The 3rd party service man at a VAX site I worked at in the early 90's had a PDP-8 (W/ RK05's!) still under contract in a big milling machine at a local heavy manufacturor.
    • If you are using Ascii, the 8-bit bytes are a good size. Of course, you really only need 7 bits, but no programmer is going to like that. Then you add the concept of byte addressable word space, so you use the byte address to address doublebytes (short) and quadbytes(longs).

      As to why 12 bits is good: simply 8 bits is a bit small for an awful lot of cases, so if you use an 8-bit fundamental word length, you are often into doubleword operations. Practically, a 12 bit word length, values +/2048 or 0-4095, seems to work out useful in a lot oc control applications. When the extra bits were expensive, the saving between 12 and 16 is relevant.

      First machine I worked on was 18 bits - all 8K words of it. Enough to run a very simple Fortran compiler. From paper tape, naturally.

    • Re:12 bits (Score:2, Interesting)

      by lobsterGun ( 415085 )
      This is a story that a wisened old timer told me at a convention (the guy had a whit bushy beard so you know it has to be true).

      Back in the day there were two schools of thought: the 8 bit byte and the 9 bit byte. The 9 bit byte school represented the same data as the 8 bit byte school (0 to ff), and used the extra bit for parity.

      8 bit bytes led to 16 bit words etc...
      9 bit bytes led to 18 bit words etc...

      My reaction to the old time was to ask WTH would anyone do this?

      His response was to go into a discussion of 36 bit computing. "Ya see son. When you have 32 bits you can divide those bits evenly 6 ways:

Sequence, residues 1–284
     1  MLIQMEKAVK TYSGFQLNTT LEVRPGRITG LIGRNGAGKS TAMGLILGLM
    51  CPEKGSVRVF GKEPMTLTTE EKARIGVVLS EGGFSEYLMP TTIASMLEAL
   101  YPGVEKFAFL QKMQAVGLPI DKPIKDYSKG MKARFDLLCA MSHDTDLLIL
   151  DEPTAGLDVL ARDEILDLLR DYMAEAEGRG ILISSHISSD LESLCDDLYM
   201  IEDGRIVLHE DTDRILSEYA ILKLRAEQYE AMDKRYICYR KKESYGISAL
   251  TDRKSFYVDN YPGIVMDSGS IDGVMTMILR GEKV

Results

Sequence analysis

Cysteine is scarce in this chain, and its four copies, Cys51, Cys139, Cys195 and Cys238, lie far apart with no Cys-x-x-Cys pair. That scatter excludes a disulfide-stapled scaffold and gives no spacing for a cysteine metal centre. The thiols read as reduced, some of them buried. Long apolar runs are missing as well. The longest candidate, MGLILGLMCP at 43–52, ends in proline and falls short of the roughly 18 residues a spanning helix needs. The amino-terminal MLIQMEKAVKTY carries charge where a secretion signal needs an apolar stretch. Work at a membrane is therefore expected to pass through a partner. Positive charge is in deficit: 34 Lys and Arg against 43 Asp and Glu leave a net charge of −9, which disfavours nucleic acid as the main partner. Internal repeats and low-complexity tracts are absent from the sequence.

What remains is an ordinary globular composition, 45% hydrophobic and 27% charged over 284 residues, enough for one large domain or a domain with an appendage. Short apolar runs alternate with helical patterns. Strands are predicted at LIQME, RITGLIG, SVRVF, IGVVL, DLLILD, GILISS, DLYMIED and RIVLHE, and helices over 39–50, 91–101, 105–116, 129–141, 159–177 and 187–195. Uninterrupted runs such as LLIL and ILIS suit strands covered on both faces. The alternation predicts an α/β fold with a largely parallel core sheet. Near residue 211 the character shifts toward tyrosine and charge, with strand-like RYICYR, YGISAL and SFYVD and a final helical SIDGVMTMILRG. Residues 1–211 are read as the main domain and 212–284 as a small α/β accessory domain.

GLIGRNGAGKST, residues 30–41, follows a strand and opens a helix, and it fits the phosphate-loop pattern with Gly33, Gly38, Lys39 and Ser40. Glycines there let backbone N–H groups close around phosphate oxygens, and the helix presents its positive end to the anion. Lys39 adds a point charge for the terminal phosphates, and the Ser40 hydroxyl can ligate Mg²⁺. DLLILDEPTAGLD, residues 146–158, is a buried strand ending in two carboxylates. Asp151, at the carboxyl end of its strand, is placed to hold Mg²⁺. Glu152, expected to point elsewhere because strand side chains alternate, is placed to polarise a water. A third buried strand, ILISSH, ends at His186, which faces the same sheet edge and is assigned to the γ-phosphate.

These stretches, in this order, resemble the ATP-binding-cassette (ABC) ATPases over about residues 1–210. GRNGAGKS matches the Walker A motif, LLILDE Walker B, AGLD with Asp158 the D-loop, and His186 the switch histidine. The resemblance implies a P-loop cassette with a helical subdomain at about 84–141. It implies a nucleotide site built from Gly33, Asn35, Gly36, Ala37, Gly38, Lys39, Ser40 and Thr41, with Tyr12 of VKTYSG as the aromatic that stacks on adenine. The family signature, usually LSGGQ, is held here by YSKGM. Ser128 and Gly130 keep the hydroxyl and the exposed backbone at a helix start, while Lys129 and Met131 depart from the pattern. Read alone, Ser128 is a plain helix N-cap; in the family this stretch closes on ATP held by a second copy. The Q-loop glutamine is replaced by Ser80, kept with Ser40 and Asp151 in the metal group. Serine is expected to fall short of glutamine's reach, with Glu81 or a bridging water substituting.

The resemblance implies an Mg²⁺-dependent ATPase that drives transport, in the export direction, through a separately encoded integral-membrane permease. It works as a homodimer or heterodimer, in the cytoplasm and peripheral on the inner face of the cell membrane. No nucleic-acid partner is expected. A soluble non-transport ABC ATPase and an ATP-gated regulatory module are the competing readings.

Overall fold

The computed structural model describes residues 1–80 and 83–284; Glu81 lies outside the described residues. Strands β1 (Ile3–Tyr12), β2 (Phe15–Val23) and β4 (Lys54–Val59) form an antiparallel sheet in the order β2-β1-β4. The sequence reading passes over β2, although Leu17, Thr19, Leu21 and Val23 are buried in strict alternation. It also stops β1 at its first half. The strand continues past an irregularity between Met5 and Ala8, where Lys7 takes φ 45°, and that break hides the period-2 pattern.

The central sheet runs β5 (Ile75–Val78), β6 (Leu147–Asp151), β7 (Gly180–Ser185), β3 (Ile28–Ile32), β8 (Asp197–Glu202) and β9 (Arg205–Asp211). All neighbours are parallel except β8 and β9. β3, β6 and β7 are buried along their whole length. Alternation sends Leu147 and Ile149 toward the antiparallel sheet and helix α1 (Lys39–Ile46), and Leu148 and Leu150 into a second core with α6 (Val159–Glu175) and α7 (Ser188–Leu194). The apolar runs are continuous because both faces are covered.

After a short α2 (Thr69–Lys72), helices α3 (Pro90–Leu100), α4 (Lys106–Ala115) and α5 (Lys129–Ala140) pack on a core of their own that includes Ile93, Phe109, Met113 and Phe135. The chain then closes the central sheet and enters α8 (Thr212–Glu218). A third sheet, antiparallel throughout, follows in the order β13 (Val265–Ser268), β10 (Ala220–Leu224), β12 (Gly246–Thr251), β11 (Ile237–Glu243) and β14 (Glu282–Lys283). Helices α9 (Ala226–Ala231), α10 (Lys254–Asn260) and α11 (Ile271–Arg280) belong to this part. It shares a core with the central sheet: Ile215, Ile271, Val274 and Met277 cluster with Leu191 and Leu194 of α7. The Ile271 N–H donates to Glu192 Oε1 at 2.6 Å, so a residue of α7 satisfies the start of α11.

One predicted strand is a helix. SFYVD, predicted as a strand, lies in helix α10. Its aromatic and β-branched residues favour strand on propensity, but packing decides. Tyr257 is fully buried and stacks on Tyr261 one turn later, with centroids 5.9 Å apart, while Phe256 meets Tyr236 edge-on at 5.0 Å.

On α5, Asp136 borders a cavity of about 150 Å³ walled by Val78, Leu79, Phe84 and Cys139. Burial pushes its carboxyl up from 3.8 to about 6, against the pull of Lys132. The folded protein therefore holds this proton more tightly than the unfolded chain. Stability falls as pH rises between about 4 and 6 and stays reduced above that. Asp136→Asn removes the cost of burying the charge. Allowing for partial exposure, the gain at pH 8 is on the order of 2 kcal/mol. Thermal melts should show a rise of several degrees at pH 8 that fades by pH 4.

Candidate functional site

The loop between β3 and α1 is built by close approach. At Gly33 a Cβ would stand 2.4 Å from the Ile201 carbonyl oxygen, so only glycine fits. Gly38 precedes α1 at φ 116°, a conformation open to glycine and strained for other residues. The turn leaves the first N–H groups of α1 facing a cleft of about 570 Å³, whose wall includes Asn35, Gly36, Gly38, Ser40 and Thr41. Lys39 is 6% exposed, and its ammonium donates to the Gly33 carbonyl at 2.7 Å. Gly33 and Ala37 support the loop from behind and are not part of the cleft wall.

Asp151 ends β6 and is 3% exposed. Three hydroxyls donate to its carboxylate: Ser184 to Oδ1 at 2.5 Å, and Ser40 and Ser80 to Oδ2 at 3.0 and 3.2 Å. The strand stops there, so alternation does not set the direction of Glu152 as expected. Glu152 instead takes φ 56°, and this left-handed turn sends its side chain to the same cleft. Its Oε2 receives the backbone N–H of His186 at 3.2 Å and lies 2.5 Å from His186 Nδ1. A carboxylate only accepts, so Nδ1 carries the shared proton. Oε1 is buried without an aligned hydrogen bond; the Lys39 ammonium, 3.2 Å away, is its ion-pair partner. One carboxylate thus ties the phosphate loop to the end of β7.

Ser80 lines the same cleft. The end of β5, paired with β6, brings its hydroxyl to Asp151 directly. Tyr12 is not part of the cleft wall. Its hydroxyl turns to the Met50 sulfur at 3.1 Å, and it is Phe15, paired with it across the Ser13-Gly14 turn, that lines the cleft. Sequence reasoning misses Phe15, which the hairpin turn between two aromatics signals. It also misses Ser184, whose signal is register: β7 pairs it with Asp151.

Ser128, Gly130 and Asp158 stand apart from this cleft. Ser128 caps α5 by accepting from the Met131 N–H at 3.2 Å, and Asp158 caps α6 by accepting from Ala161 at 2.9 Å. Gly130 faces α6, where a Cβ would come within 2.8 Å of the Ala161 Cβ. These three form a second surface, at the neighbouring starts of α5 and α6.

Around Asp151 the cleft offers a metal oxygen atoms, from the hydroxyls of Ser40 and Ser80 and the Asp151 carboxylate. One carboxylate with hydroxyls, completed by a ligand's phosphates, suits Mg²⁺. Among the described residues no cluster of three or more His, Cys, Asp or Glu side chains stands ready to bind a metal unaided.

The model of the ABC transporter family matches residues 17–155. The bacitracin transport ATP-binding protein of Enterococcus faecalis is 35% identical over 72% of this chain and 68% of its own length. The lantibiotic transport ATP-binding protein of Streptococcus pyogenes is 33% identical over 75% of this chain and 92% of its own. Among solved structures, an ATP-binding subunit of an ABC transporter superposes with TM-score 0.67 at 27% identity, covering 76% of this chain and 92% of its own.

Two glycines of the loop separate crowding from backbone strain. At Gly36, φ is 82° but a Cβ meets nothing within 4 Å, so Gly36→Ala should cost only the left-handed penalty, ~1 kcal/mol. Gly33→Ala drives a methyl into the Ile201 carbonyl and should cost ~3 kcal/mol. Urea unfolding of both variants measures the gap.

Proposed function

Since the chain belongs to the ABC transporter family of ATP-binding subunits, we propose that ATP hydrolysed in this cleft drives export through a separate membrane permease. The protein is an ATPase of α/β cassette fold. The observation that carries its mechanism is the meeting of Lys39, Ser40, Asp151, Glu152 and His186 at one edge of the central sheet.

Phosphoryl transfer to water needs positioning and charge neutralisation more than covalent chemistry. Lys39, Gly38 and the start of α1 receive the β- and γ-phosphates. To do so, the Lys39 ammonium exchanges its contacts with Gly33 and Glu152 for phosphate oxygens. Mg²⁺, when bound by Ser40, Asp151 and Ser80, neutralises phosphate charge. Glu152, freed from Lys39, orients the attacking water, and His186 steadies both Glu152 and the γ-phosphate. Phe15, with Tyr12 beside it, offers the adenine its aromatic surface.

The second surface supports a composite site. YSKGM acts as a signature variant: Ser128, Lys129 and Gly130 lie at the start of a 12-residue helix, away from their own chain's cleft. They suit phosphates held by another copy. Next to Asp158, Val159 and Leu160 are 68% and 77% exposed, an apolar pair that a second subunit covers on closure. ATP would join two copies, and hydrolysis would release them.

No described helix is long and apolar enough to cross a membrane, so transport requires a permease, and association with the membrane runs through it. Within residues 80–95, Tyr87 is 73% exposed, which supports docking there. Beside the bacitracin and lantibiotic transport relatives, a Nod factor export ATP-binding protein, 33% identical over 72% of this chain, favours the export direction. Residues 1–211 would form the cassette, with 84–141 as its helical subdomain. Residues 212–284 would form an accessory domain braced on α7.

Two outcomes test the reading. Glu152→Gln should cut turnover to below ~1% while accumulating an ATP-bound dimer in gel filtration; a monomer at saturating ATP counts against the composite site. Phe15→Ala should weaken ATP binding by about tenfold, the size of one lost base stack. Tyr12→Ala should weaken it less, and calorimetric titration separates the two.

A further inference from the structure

32 single bits,
      16 2-bit groups,
      8 4-bit groups,
      4 8-bit groups,
      2 16-bit groups,
      1 32-bit group.

      With a 36 bit system you can divide those bits evenly 9 ways
      36 single bits
      18 2-bit groups
      12 3-bit groups
      9 4-bit groups
      6 6-bit groups
      4 9-bit groups
      3 12-bit groups
      2 18-bit groups
      1 36 bit group

      using 36 bits give you more flexibility in addressing."

      He went on to tell be stories about how they explioted the advantages of 36 bit computing back when he had worked at Compuserve and how sad he was that 36 bit systems had died.

      It could very well be that 3 12-bit bytes are used to make up a 36 bit word... ...or it could be that that old timer was full of crap or off his meds or something. The world may never know (Much like the number of licks it takes to get to the center of a tootsie pop).
  • by solostring ( 620535 ) on Monday November 25, 2002 @12:20PM (#4751747) Homepage
    I fondly remember the PDP8. My father had one installed in the garage when I was a kid, and had my first experience of programming on it when I was 8 or so.

    On the subject of PDP8's, I was surprised to hear that they were used in communications in Hong Kong up until at least 1999 for a number of financial institutions. I worked with an old computer technician who earned a fortune maintaining these beasts. I wonder if they are still being used in HK after the Chinese reclaimation?.....